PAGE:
The rest of this article is only available to active members of Questia

Sign up now for a free, 1-day trial and receive full access to:

  • Questia's entire collection
  • Automatic bibliography creation
  • More helpful research tools like notes, citations, and highlights
  • Ad-free environment

Already a member? Log in now.

Notes for this article

Add a new note
If you are trying to select text to create highlights or citations, remember that you must now click or tap on the first word, and then click or tap on the last word.
One moment ...
Project items

Items saved from this article

This article has been saved
Highlights (0)
Some of your highlights are legacy items.

Highlights saved before July 30, 2012 will not be displayed on their respective source pages.

You can easily re-create the highlights by opening the book page or article, selecting the text, and clicking “Highlight.”

Citations (0)
Some of your citations are legacy items.

Any citation created before July 30, 2012 will labeled as a “Cited page.” New citations will be saved as cited passages, pages or articles.

We also added the ability to view new citations from your projects or the book or article where you created them.

Notes (0)
Bookmarks (0)

You have no saved items from this article

Project items include:
  • Saved book/article
  • Highlights
  • Quotes/citations
  • Notes
  • Bookmarks
Notes
Cite this article

Cited article

Style
Citations are available only to our active members.
Sign up now to cite pages or passages in MLA, APA and Chicago citation styles.

(Einhorn, 1992, p. 25)

(Einhorn 25)

1

1. Lois J. Einhorn, Abraham Lincoln, the Orator: Penetrating the Lincoln Legend (Westport, CT: Greenwood Press, 1992), 25, http://www.questia.com/read/27419298.

Cited article

Revisiting 1970: Carl Woodring and Politics in English Romantic Poetry
Settings

Settings

Typeface
Text size Smaller Larger
Search within

Search within this article

Look up

Look up a word

  • Dictionary
  • Thesaurus
Please submit a word or phrase above.
Print this page

Print this page

Why can't I print more than one page at a time?

While we understand printed pages are helpful to our users, this limitation is necessary to help protect our publishers' copyrighted material and prevent its unlawful distribution. We are sorry for any inconvenience.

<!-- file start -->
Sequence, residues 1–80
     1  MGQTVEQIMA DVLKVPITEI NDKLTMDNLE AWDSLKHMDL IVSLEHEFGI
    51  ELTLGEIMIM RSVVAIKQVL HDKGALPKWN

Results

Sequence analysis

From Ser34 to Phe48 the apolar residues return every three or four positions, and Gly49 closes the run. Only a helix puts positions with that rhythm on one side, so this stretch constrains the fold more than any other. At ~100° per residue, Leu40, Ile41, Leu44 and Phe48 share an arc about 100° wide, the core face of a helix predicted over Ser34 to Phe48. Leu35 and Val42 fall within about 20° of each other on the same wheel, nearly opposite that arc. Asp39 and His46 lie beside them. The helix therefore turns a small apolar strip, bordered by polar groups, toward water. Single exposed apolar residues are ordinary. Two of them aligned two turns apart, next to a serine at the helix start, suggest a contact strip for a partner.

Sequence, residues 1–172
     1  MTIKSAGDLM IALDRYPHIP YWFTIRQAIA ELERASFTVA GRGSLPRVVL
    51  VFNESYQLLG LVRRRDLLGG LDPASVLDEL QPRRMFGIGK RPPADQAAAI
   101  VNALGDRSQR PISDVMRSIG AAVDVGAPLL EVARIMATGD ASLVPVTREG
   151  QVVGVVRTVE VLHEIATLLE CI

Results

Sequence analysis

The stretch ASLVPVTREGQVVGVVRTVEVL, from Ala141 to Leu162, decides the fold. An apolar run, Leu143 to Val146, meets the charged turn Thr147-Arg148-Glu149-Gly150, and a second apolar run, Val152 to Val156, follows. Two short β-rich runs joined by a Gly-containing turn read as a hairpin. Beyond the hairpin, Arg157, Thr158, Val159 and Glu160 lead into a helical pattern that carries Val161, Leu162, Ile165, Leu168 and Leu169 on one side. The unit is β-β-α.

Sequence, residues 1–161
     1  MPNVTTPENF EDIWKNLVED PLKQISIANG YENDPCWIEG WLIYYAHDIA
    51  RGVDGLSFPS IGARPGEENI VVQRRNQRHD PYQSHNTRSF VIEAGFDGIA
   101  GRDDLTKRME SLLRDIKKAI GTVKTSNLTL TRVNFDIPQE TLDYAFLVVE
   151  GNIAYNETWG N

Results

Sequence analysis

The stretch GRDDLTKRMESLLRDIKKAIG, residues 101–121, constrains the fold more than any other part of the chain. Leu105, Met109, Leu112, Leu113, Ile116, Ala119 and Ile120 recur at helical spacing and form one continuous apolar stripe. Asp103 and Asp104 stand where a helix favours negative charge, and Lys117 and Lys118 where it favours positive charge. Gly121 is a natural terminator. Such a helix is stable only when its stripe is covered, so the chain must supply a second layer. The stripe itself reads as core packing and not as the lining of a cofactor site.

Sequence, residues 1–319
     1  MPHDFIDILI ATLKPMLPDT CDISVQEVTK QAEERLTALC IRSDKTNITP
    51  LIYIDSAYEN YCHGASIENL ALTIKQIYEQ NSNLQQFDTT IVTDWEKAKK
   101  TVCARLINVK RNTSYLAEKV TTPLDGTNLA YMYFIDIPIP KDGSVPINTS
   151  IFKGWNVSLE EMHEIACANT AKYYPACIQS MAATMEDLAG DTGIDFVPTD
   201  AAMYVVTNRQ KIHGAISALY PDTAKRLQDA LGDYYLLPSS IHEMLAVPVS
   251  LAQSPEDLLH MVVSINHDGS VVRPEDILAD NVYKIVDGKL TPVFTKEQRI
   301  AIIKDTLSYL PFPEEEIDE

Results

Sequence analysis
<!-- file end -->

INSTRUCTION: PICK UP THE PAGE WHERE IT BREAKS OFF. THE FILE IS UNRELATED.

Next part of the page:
Full screen

matching results for page

Cited passage

Style
Citations are available only to our active members.
Sign up now to cite pages or passages in MLA, APA and Chicago citation styles.

"Portraying himself as an honest, ordinary person helped Lincoln identify with his audiences." (Einhorn, 1992, p. 25).

"Portraying himself as an honest, ordinary person helped Lincoln identify with his audiences." (Einhorn 25)

"Portraying himself as an honest, ordinary person helped Lincoln identify with his audiences."1

1. Lois J. Einhorn, Abraham Lincoln, the Orator: Penetrating the Lincoln Legend (Westport, CT: Greenwood Press, 1992), 25, http://www.questia.com/read/27419298.

Cited passage

Welcome to the new Questia Reader

The Questia Reader has been updated to provide you with an even better online reading experience.  It is now 100% Responsive, which means you can read our books and articles on any sized device you wish.  All of your favorite tools like notes, highlights, and citations are still here, but the way you select text has been updated to be easier to use, especially on touchscreen devices.  Here's how:

1. Click or tap the first word you want to select.
2. Click or tap the last word you want to select.

OK, got it!

Thanks for trying Questia!

Please continue trying out our research tools, but please note, full functionality is available only to our active members.

Your work will be lost once you leave this Web page.

For full access in an ad-free environment, sign up now for a FREE, 1-day trial.

Already a member? Log in now.